Unfortunately for Gomes, Tottenham's Carling Cup campaign lasted only one game, as the team lost to Stoke City on penalties, and Gomes was only allowed to play three of Tottenham's eight Europa League games.
So in other words, he's been paid a year's wages to play 390 minutes of football.
Both Gomes and Tottenham will be happy to part company this summer when his contract expires. Tottenham need to start searching for a young successor to Friedel in goal, and Gomes needs a club he can comfortably end his career with.
I never understood why Redknapp treated Corluka the way he did.
Corluka added much needed depth to Tottenham's defense, since he was capable of playing as a right-back or center-back, but after Kyle Walker's introduction into the team, Redknapp froze Corluka out and essentially forced him to seek out a January loan move away from the club.
Though he was quiet during his time at Tottenham, Corluka finally hit out at Redknapp's lack of rotation in an interview with BBC Sport (h/t ESPN). Commenting on Spurs' slump through March and April, Corluka blamed fatigue and tiredness brought about by lack of rotation for Spurs' poor results.
Never one to let a comment get by him, Redknapp hit back at Corluka with his own comments:
Charlie (Corluka) is entitled to his opinion and I like him, but probably the problem is that I have rotated. I have rarely had the same back four all season through injuries and everything else.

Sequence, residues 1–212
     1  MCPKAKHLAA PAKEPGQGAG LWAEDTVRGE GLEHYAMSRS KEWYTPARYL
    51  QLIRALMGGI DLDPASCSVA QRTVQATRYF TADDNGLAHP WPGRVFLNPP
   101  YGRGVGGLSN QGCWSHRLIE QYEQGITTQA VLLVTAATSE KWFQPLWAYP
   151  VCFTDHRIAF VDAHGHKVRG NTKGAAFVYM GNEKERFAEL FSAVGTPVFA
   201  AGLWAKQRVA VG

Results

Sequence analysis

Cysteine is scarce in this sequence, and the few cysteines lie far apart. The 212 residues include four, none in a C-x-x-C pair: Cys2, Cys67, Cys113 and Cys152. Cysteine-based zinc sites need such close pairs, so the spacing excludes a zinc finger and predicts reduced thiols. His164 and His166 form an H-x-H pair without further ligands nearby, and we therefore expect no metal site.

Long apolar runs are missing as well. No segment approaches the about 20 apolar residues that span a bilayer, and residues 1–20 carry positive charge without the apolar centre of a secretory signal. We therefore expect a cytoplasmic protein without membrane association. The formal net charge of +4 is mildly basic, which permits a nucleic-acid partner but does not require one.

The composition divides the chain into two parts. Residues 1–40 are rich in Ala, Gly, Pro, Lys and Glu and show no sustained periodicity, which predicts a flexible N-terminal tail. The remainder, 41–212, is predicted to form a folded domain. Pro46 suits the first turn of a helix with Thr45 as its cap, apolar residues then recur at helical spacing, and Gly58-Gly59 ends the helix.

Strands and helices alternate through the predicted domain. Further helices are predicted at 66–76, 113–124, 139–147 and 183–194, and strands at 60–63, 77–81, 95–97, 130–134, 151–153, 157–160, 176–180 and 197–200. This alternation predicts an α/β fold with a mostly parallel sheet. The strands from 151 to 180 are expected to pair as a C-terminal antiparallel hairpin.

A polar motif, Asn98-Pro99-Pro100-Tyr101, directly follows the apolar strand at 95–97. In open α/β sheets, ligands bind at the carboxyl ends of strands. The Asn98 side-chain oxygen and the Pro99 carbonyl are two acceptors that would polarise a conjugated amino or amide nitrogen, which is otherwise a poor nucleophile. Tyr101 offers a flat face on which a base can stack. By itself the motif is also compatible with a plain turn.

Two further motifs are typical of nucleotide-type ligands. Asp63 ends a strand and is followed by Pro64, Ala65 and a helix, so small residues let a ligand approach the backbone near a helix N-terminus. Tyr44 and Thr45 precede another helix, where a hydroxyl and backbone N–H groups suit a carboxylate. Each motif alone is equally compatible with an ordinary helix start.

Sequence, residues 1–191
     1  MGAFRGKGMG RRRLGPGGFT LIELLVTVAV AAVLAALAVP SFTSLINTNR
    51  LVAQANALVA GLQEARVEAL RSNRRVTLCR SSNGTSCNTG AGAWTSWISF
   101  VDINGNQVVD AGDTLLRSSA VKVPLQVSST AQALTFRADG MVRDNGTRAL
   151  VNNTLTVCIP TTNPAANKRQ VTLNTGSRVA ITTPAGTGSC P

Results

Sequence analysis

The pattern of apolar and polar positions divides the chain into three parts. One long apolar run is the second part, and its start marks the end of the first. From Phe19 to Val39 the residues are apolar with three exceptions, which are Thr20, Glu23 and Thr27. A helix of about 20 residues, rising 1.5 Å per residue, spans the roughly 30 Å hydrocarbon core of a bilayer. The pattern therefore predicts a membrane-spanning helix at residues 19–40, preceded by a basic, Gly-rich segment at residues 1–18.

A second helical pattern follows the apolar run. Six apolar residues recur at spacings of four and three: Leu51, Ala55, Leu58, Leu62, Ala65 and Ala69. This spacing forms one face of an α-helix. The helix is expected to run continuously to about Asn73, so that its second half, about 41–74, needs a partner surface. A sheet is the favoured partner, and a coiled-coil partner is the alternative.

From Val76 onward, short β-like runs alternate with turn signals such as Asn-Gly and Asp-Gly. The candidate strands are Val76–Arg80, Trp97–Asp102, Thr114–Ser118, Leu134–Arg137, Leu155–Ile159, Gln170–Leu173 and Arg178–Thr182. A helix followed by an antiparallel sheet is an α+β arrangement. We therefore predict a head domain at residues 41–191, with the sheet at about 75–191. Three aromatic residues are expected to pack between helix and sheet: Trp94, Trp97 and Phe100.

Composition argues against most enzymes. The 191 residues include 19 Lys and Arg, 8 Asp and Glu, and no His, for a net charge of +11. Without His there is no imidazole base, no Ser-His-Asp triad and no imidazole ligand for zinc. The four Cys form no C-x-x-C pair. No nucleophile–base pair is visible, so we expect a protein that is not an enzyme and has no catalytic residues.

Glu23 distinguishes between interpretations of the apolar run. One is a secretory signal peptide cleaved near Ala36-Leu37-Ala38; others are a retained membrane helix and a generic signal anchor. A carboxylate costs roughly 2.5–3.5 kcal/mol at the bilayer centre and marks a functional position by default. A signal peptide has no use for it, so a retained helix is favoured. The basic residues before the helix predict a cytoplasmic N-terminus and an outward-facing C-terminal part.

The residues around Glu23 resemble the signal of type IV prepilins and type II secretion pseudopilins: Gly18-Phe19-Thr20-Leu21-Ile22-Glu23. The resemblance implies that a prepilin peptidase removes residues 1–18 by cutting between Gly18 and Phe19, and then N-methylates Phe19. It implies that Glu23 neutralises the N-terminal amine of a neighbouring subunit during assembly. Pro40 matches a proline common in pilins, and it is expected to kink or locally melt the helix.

Most of the players have probably played 30 games. I didn't play any of them (senior players) in the UEFA Cup, FA Cup, most of them didn't play until the later rounds.
So the players have probably played on average 30 games this year which I don't think is a lot.
Two things to note about Redknapp's response: 1) Why does he call Corluka Charlie? 2) He still calls the Europa League the UEFA Cup, even though that name was discarded two years ago.
In any case, given the lack of playing time Corluka received while he was at Tottenham, I figure he'll try to work a deal out to leave in the summer.
Tottenham have Adam Smith in the squad ready to get more playing time, and Kyle Naughton is an excellent right-back who Tottenham have the option of retaining when he returns from Norwich.
Both are English, meaning they're more favored by Redknapp and more likely to play than Corluka when he returns.